Aggression in rabbits is typically a behavioral, not genetic, problem. If the behavior is not dealt with, it may consequently cycle into a neglected rabbit because no one wants to be a victim of an aggressive bunny.
If aggression suddenly develops in your rabbit, especially after a neutering, a veterinary examination is advisable to ensure that the rabbit is not in any discomfort.
Reasons for Aggression
- The most common scenarios for displayed aggression are with an unaltered rabbit. As a rabbit reaches sexual maturity, it usually becomes more territorial and aggressive due to unsatisfied sexual frustrations and other hormonal reasons. Territorial behavior may also increase during some times of the year such as the main rabbit breeding season of January to August in the northern hemisphere. Unwanted aggressive behaviors can include actions such as mounting, circling, and biting in the cage. Spaying and neutering can dramatically reduce aggressive behavior in an intact rabbit.
- Fear is also a common reason for aggression. As a prey animal, a rabbit's natural instinct is to flee and hide, but when cornered, a rabbit can be forced to bite out in defense. When unwanted reaching hands disappear due to their aggression, rabbits learn that biting and lunging get results that they want and reinforces the aggressive behavior.
- Change in its environment and routine can cause a rabbit do display aggression. Sometimes, a rabbit may take a scare that owners unwittingly do and consequently lose all confidence in their interactions.
- If two rabbits are kept together, territorial instincts may cause them to fight each other for dominance. Rabbits do not easily get along with any other rabbit. See Bonding for more details.
- A rabbit may accidentally bite or nip an owner thinking fingers are food or due to overzealous grooming.
- Pain in rabbits can result in aggressive behavior. A rabbit that is normally docile but starts to be aggressive should be examined carefully for a source of pain. Some common reasons are dental disease and the formation of sharp hooks on the molars or painful musculoskeletal disorders such as arthritis or vertebral spondylitis.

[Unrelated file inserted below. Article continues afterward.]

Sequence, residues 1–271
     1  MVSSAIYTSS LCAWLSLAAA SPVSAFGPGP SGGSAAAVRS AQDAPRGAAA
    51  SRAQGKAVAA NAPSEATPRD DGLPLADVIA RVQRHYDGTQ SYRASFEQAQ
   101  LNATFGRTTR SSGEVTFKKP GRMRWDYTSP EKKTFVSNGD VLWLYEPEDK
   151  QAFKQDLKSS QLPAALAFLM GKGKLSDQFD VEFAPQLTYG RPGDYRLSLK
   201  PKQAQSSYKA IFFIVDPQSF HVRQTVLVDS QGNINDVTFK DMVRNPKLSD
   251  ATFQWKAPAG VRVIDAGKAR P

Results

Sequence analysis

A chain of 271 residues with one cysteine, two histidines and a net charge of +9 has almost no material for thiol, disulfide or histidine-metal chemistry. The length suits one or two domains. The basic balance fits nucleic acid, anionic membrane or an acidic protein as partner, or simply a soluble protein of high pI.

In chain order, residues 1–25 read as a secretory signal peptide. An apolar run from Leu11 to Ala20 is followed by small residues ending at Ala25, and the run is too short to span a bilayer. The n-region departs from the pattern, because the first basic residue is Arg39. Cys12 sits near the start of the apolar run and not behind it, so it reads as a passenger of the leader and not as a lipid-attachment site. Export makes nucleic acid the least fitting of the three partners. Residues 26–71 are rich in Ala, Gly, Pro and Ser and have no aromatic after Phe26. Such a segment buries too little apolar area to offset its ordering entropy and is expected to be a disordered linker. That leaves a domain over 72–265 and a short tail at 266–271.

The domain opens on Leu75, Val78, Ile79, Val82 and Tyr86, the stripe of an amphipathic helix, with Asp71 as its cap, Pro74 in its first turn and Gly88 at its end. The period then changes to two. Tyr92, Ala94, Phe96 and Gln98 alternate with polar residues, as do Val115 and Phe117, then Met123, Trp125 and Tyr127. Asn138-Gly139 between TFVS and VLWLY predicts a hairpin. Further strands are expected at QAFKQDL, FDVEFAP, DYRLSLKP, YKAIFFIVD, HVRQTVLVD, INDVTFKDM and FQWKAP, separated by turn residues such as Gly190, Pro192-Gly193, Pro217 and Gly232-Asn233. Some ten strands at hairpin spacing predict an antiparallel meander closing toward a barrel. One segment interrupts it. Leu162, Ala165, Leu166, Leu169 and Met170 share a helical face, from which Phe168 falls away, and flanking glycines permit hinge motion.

- Deafness has also been reported as a cause of aggression. Deaf rabbits may be startled by owners coming up on them unexpectedly and sometimes their response is to bite.
- House Rabbit Society, FAQ: Aggression
- House Rabbit Society, HRJ Letters - 1998, Aggressive Rabbits
- Wisconsin House Rabbit Society, George Flentke The Biting Rabbit
- Rabbit Haven, Biting
- Rabbit Welfare Association & Fund, Biting the Hand That Feeds
- Rabbit Welfare Association & Fund, My rabbit's turned vicious - help
- House Rabbit Society, Marinell Harriman, Who Wants a Mean Rabbit?
- House Rabbit Society, Marinell Harriman, To Love a Mean Rabbit
- Zooh Corner, Dealing with the Aggressive, Nervous or Frightened Bunny
- EXtension, Rabbit Behavioral Problems: Biting
- Examiner.com, Phyllis O'Beollain, Causes of aggression in house rabbits
- Examiner.com, Phyllis O'Beollain, Working with the aggressive rabbit part one
- Examiner.com, Phyllis O'Beollain, Working with the aggressive rabbit part two
Below are some relevant videos on the topic.